Improve your game by playing outside your comfort zone



Mon 20th Feb 2012 - 5:19pm

I think most people tend to ask the same question about their play in League of Legends: "How can I get better?" Lots of people will give you lots of different answers, but the most helpful one for me was always “Play what roles/champions you’re comfortable with.”

Most people have experience with other players who agree strongly, perhaphs too strongly, with this strategy. Everyone has encountered instalock LeBlancs who declare “MID OR FEED” or those players who declare they can only play one champion and they dodge if it gets banned or picked. I’m here to encourage players to play roles they’re unfamiliar with. Not for the purpose of giving them another champion (although that can’t be bad) but as a means of strengthening their primary role.

You’ve never understood the pressure jungle ganks put on a lane until you’ve played an AP Mid. Playing support will teach you when to harass and when to focus on farming as an AD carry. A top lane can’t possibly understand how far back his Shyvana is when the red buff gets stolen, unless he’s gone through that heartbreak personally. After jungling for a while, you’ll understand why after getting that double kill bottom you should run to dragon pit rather than returning to the shop to get your new BF sword. Playing top lane will make you realize your simple “jungler tax” has destroyed a carefully crafted frozen lane.

Playing tanks and bruisers has always been my comfort role when playing with friends or playing ranked. Early in my career my preferred top lanes were Singed and Nasus. Characters that tend to have weak early games but have a strong impact later. My hope was to survive the lane phase and my communications to the junglers were often simply calls for relief or desperate pleas for assistance. When I started jungling, I viewed top lane through my experience and when asked for a gank, I would check their health. When it was high I would scoff and ignore them.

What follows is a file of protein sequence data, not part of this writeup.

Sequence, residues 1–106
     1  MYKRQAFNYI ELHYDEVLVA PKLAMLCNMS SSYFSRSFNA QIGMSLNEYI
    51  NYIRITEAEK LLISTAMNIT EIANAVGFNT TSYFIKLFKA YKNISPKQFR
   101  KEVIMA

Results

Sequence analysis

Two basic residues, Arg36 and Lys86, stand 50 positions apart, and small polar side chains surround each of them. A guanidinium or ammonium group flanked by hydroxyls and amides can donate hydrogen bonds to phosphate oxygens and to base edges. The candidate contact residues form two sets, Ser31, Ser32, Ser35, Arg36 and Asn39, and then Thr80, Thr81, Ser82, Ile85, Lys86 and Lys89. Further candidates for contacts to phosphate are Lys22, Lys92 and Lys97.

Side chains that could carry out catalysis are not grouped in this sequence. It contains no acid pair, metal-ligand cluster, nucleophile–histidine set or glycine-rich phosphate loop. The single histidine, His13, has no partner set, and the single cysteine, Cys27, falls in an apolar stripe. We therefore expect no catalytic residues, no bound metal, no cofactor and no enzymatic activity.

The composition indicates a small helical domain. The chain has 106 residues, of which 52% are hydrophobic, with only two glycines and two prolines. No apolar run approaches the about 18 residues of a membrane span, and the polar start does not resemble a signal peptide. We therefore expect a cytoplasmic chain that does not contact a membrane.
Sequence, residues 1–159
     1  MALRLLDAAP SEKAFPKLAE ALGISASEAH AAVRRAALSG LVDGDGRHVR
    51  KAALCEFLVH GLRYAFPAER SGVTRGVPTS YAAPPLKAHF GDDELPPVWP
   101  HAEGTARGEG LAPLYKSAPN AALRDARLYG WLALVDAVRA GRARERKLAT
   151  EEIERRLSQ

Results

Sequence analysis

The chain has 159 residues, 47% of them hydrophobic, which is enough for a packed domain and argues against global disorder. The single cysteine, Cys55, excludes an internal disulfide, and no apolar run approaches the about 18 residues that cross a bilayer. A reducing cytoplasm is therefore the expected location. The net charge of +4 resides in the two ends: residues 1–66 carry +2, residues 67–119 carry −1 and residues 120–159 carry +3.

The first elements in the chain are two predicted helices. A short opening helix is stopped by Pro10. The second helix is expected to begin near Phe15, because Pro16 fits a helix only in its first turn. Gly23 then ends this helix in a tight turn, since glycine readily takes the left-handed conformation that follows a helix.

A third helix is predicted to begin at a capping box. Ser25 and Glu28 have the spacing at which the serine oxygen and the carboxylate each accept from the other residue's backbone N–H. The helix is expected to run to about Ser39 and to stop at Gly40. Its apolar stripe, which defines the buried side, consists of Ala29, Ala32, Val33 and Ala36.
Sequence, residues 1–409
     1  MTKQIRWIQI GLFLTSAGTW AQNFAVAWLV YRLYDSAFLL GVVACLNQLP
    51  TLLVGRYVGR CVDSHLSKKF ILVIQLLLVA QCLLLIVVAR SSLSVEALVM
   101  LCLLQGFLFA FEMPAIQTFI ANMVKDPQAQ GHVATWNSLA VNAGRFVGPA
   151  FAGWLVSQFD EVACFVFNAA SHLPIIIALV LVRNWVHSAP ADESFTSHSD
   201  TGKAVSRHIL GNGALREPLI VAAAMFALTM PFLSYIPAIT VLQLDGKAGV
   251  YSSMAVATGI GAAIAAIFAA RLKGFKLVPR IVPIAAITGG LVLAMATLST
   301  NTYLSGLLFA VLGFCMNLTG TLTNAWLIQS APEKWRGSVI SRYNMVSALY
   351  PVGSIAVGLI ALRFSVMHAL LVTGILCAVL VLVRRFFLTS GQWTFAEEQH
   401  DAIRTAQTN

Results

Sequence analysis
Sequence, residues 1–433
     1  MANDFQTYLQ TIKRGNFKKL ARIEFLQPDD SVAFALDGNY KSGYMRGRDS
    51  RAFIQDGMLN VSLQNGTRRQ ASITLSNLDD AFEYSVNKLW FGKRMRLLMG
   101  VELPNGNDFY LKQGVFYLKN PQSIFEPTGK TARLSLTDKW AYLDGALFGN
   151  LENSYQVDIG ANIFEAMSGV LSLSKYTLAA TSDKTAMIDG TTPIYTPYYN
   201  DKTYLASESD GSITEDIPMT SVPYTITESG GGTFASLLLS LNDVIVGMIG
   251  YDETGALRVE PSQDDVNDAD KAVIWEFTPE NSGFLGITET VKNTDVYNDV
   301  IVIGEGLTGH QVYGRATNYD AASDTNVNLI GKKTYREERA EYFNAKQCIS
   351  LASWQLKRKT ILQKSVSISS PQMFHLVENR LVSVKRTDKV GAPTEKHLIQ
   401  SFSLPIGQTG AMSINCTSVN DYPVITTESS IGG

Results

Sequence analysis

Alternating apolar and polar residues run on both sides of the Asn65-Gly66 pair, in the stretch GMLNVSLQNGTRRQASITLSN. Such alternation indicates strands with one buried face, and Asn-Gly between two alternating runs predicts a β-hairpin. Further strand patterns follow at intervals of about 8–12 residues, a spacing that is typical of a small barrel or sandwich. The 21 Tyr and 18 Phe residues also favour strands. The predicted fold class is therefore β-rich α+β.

Recently, I started trying Wukong, Gangplank and Rumble, characters that have the power to kill their lane opponent if given a slight advantage, which would hopefully lead to a snowball effect. Within a few games, I found myself assuring my jungler that if he came we could easily kill the full health opponent. The message was driven home to me later when duo queing with an Akali who told me “I’m not going to ask you for a gank unless we can get a kill.”

Reflecting on this, I started trying different roles, not because I wanted to play them, but because I wanted to understand how they worked so I could better interact with them.

Despite having lots of experience playing bruisers and tanks, I never truly understood the importance of peeling until I played AD carry. Playing as Graves and Kog’Maw made me dependent on my team to keep me safe. I had the raw damage to kill all of them, I merely needed the time and cover from my teammates. In future games as tanks I was able to not tunnel vision enemy carries and focused on protecting ours.

Playing support made me keep track of global objectives, timers and team items. In the lull of the laning phase, I was able to see the opposing team's builds and keep track of what team items we were building. Checking the CS of the solo lanes I could see who was stronger and decide whether or not we really could contest their blue buff or if we needed to keep farming. If I saw our Rammus building an Aegis of the Legion, I would rush to finish Shurelya's Reverie. If our team was ahead in strength or team items I would encourage the team to group and get a pink ward or early oracles to force objectives. Playing support gave me the ability to keep track of timers. Timing buffs, dragons, even wards and enemy teleports were habits I picked up. And I took these skills with me when I went back to jungling. And you better believe I buy wards as every single role after ten straight games as Soraka.

I ward one entrance and my mid agrees to ward the other.

The jungle can ward above the river entrance, while the mid wards below.

So next time your mid laner declares you to be a horrible jungle, don’t get mad, get more mid practice.